Johann Christoph Schmidt
Johann Christoph Gustav von Struve
Johann Christoph Gustav von Struve was a German diplomat. He was born on 26 September 1763 in Regensburg (at this time a Free Imperial City ) to the diplomat Anton Sebastian von Struve, the Russian ambassador to the Reichstag in Regensburg. His mother was Johanne Dorothea Werner of Sondershausen in the Thuringian states.
Johann Christoph Rincklake
Johann Christoph Rincklake (19 October 1764 in Harsewinkel – 19 June 1813 in Münster ) was a German portrait painter of the Romantic era, with a high standing in international art history.
Johann Christoph Petzold
¨Johan Christoph Petzold (5 October 1708 - 15 September 1762) was a German sculptor who mainly worked in Denmark. He was a professor at the Royal Danish Academy of Fine Arts from its establishment in 1754 and briefly held the post of Sculptor to the Danish Court.
Johann Christoph Rothe
Johann Christoph Rothe (1653 – 2 June 1700) was a German Baroque composer.
Johann Christoph Brotze
Johann Christoph Brotze (Latvian: Johans Kristofs Broce) (1 September 1742 – 4 August 1823) was a German pedagogue, artist and ethnographer.
Johann Christoph Jordan
Johann Christoph (von) Jordan (died 1748) was a German bureaucrat and antiquary. He wrote in Latin, and his most important work was a history of the Slavic peoples, De Originibus Slavicis, published in 1745.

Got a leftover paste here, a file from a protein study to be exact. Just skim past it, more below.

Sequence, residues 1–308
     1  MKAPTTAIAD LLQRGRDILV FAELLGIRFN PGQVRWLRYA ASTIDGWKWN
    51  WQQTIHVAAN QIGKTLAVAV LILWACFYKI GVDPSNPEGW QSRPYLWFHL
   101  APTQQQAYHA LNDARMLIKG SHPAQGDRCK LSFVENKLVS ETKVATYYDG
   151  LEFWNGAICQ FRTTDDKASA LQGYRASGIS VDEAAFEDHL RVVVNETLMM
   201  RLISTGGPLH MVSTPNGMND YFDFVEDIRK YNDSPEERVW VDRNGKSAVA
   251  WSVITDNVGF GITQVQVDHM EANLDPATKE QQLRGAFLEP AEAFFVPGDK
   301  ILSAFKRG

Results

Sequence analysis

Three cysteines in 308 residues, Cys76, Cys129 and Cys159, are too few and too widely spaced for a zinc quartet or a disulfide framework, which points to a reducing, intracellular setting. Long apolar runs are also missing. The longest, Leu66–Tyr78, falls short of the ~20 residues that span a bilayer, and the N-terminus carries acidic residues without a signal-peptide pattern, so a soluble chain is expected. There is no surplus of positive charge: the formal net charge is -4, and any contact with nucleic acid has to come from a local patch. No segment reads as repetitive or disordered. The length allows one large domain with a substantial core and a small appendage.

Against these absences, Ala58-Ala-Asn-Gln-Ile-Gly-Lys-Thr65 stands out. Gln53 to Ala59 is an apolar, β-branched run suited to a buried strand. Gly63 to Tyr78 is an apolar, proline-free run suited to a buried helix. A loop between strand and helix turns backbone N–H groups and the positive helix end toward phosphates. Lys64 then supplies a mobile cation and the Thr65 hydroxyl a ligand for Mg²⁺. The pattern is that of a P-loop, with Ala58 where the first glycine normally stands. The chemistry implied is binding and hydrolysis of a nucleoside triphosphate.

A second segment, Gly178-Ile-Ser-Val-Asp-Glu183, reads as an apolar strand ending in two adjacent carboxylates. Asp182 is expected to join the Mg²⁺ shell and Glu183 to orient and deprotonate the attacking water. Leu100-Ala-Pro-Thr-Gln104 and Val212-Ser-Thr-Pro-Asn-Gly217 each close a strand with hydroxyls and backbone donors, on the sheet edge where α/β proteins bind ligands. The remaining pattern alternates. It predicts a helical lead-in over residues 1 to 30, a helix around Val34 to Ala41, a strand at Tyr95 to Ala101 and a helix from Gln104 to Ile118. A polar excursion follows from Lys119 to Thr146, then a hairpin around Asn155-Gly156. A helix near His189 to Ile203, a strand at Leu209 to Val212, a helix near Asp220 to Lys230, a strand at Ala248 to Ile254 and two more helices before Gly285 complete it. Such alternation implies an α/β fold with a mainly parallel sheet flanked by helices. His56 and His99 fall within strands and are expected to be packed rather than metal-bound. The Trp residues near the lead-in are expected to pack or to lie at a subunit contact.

Johann Christoph Frisch
Johann Christoph Frisch, an historical painter, was the son of the designer and engraver, Ferdinand Helfreich Frisch, and was born at Berlin in 1737. He was a pupil of B. Rode, but afterwards studied further at Rome. He died at Berlin in 1815, while holding the posts of court painter and director of the Academy. He painted numerous ceilings in the palaces at Berlin, Potsdam, and Sans Souci, with portraits, mythological representations, and scenes from the life of Frederick the Great.
Johann Christoph Wilhelm Ludwig Doderlein
Johann Christoph Wichmannshausen
Johann Christoph Wichmannshausen (October 3, 1663 – January 17, 1727) was a 17th-century German philologist. He received his magister's degree (the highest degree of the Faculty of Philosophy, equal to the doctorates) from the University of Leipzig in 1685. His dissertation, titled Disputationem Moralem De Divortiis Secundum Jus Naturae (Moral Disputation on Divorce according to the Law of Nature), was written under the direction of his father in law and advisor Otto Mencke. He was from 1692 until the time of his death a professor of Near Eastern languages and university librarian at the University of Wittenberg, and gave courses there in Philosophy and Hebrew.